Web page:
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Regional manager sets up bank loan without company permission

Gigabyte recently made shocking headlines when it announced that it would be leaving the partnership it had created with long time rival ASUS. Originally, the plan was to create a joint venture, where the two companies could cooperate on developing and manufacturing new products. Called Gigabyte United, the joint venture would have allowed both companies to share and take advantage of the other's resources.

This week, Gigabyte announced that it had lost roughly $5 million USD due to an internal scandal committed by one of its regional managers. Chang Chaosong, factory manager at Ningbo Gigabyte Technology in China, allegedly listed Gigabyte as a guarantor for a bank loan towards a third party loan. By being a guarantor, Gigabyte would be liable to repay the loan if the third party did not repay it.

Unfortunately for Gigabyte, the company or person in question that borrowed the money from the bank did not repay the borrowed money, and Gigabyte was held accountable for the loss. What shocked company officials however, was the fact that Chang did not request company permission before setting up the transaction.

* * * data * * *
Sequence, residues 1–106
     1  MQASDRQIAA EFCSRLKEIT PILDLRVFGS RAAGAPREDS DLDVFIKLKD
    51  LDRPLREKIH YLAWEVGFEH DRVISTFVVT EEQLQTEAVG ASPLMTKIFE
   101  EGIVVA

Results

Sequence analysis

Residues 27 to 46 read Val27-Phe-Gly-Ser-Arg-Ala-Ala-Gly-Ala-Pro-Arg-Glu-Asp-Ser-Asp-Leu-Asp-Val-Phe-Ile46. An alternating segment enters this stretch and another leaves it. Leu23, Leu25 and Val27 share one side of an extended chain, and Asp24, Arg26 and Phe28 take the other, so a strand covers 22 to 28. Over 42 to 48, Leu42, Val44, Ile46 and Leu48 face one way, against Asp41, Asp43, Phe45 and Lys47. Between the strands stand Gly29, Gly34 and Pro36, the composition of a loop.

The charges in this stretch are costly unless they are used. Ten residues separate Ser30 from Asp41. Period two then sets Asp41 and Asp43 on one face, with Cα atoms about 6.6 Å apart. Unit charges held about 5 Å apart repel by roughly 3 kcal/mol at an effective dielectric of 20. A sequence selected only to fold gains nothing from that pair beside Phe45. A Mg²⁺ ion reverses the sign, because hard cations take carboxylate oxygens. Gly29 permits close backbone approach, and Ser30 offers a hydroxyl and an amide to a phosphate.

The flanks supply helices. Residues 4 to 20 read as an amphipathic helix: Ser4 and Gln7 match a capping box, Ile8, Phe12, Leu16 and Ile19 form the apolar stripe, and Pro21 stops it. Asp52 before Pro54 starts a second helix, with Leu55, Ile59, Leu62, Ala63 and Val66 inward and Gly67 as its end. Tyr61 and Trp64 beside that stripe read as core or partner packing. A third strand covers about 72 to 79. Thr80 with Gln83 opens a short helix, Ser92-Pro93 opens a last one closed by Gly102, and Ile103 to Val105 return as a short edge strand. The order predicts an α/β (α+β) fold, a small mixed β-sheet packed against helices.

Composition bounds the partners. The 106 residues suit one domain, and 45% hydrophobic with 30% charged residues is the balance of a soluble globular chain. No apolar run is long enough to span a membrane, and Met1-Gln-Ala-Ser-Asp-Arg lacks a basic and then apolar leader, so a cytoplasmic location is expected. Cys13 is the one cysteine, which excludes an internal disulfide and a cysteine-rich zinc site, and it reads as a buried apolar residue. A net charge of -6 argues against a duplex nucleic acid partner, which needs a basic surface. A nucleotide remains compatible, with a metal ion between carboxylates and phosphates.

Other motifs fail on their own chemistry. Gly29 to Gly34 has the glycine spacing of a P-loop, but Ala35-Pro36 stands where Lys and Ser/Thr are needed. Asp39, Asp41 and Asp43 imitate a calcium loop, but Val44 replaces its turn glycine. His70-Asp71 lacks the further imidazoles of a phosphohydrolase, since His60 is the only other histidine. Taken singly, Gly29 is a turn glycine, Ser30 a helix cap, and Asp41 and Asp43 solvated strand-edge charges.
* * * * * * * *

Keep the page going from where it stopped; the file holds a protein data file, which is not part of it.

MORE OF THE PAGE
Gigabyte is currently investigating Chang's actions and where and why the transaction was setup in the first place. Chang is no longer with Gigabyte.

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RE: Regional Manager???
By alifbaa on 4/27/2007 6:36:29 PM , Rating: 2
China's banking and finance system is not nearly as developed as ours is. Right now, Chinese banks are fairly awash in cash and are dying to give money away any way they can. Add to that a well dressed, wealthy official who knows someone important at the institution, and he can probably get whatever he wants.

In China, deals are based much more on who you know than what exactly you are proposing. If you are not a foreigner and deliver a well polished proposal that seems to make sense and you give the proper kick-backs, you can pretty much get whatever you want.

In fact, the better you know the person you are dealing with, the more they will feel obliged to accept your proposal since rejecting you is seen as dishonoring and showing disrespect. Chinese culture, much like a lot of Asian cultures, teaches that this is to be avoided at all costs.

In almost every case, such teaching leads to a wonderful society which I really envy and have learned a lot from. It can make for bad business though. It's the same trait that led to the Japanese economic collapse of a few years ago. One of the things I've seen a lot of over the last few years is how much more willing Japanese businesses are to tell each other "no" without fearing they would offend someone.

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